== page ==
Personality Crises in I Call My Brothers and A Man’s a Man

Has there ever been an age more self-obsessed — or selfie-obsessed — than ours? We tweet our morning coffee, Facebook our commute, Instagram our lunch, and then blog, vlog, and Vine far into the night. But two plays — one new, one old — suggest that identities, however well-documented, are dodgy, devious, slipperier than a sack of banana peels loosed on an ice rink.

I Call My Brothers, Swedish playwright Jonas Hassen Khemiri’s follow-up to the bracing Invasion!, centers on Amor (Damon Owlia), a seemingly feckless Arab youth. But as in Invasion!, in which one man’s name becomes a noun, a verb, a joke, a curse, and a threat, Khemiri continually destabilizes our hero. As he chats to a friend, a cousin, his dead grandmother, Amor seems little more than a vaguely asocial geek. Sure, he knows a surprising amount about chemistry, but he would never detonate a car bomb.

Yet it’s a more dangerous Amor who describes stabbing a policeman and unleashes invective on an animal-rights worker whom he threatens to shoot like a dog and shave like a mink. But just when we might begin to tremble, the campaigner recognizes him: “You were that science nerd who stalked a chick till she moved away.” Amor hangs up, ashamed.

Though less engaging than Invasion!, Brothers again announces Khemiri’s shrewd, inventive stagecraft. A simpler play might hinge on Amor’s guilt, but Khemiri’s drama, directed by Erica Schmidt for the Play Company, has more complicated concerns. Has Amor turned to extremism? Or do we wrongly suspect him because of his beard, his clothes, that worryingly heavy backpack? Will he become a terrorist just to satisfy our perception? Even Amor may not know. “I caught sight of an extremely suspicious individual,” he says toward the play’s end. “It was my reflection.”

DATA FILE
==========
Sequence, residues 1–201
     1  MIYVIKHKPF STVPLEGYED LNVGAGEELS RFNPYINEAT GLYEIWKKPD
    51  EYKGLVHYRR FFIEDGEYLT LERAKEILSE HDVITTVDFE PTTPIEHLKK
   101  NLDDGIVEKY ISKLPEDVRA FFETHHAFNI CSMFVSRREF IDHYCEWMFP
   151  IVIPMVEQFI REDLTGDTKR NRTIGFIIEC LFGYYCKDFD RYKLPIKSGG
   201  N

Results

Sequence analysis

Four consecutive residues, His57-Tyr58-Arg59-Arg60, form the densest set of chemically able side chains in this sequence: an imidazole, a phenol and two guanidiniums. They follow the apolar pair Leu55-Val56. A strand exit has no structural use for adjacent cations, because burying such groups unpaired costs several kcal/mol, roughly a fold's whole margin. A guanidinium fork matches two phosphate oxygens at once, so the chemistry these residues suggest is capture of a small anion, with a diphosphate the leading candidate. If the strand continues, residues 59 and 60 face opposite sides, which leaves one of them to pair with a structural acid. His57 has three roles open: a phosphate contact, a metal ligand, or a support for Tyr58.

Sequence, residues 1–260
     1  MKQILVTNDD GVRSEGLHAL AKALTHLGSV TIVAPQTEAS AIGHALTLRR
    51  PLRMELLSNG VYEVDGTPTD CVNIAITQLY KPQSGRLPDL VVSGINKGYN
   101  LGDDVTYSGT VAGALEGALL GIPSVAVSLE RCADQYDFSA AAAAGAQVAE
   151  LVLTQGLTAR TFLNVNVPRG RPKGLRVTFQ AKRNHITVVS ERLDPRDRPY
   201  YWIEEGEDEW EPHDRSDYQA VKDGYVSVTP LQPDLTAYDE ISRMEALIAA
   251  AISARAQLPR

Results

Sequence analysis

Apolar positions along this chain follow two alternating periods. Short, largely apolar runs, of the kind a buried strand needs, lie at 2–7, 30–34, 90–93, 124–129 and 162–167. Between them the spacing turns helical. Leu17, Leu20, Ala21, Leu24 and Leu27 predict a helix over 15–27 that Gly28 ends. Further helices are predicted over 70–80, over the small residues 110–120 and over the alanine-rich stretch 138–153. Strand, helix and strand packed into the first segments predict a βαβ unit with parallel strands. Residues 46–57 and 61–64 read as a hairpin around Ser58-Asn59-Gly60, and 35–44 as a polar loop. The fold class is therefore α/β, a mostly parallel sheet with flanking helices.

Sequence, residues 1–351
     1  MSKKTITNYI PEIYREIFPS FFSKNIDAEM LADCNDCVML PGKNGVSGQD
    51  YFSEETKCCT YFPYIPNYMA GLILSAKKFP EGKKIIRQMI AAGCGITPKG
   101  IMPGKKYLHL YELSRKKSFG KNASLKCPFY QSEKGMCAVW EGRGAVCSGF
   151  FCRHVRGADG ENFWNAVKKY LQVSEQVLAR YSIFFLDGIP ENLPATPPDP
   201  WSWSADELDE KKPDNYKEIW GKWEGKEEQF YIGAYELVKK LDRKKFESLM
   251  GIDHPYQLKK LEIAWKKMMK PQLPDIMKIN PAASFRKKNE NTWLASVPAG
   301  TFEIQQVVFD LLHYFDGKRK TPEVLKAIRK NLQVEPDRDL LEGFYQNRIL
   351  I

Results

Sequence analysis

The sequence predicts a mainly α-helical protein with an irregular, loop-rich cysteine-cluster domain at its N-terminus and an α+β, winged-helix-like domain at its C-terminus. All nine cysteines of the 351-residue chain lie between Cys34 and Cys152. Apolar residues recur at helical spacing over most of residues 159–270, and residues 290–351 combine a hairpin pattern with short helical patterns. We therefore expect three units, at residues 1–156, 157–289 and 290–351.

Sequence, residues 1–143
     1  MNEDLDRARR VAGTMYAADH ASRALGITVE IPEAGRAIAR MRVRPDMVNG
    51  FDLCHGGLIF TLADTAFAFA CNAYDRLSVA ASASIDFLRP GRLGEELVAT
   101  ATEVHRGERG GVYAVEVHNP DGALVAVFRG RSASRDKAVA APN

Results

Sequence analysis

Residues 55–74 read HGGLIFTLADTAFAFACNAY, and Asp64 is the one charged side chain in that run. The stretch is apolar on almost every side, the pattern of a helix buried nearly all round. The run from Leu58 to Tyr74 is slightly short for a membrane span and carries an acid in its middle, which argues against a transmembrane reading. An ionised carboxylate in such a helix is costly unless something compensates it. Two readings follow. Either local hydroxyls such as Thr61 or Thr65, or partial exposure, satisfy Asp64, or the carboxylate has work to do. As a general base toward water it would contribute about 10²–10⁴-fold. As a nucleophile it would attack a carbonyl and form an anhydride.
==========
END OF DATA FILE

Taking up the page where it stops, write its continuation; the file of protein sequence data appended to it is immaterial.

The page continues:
Bertolt Brecht’s A Man’s a Man also concerns a hero with a less than sturdy sense of self. This 1926 parable explores the dehumanizing effects of war. Set in colonial India, it concerns the transformation of Galy Gay (Gibson Frazier) from affable porter to remorseless machine gunner. When a trio of soldiers lose their fourth in a raid on a temple, they dragoon poor Galy Gay. Eventually they force him to believe that Galy Gay has died and that he is their honored comrade Jeraiah Jip.

The script is more obvious than some of Brecht’s later works, which Brian Kulick’s long, loud, and slow production only emphasizes. At a preview, accents and lines deserted the cast. Even the scenery rebelled. Duncan Sheik’s sitar-accented songs, while pleasant, only delayed the denouement. The show even dulled the inestimable charms of Justin Vivian Bond, as the lusty Widow Begbick, and Stephen Spinella, as Bloody Five, a military commander with a singularly gory approach to abstinence.

In the final scene, the original Jeraiah Jip (Andrew Weems) attempts to reclaim his identity. Galy Gay won’t allow it, but he does offer the man a set of surplus papers. “It’s important to have something on you in black-and-white,” he says affably. “These days they are always trying to take your name away, and I know what a name is worth.” That’s very nice to say, but these plays suggest that the worth of a name, a man, a life isn’t much at all.

ART ARCHIVES CULTURE ARCHIVES Datebook Museums & Galleries

Hidden in Plain Sight

Photography is not just the act of taking pictures with a nearly two-century-old invention; it’s a way of understanding the world. No longer just a paper and emulsion record of the way we live — goodbye Kodak, hello Instagram! — today’s hyped-up version churns out images ceaselessly and recklessly, like a stoned Artie Lange at Christmas dinner.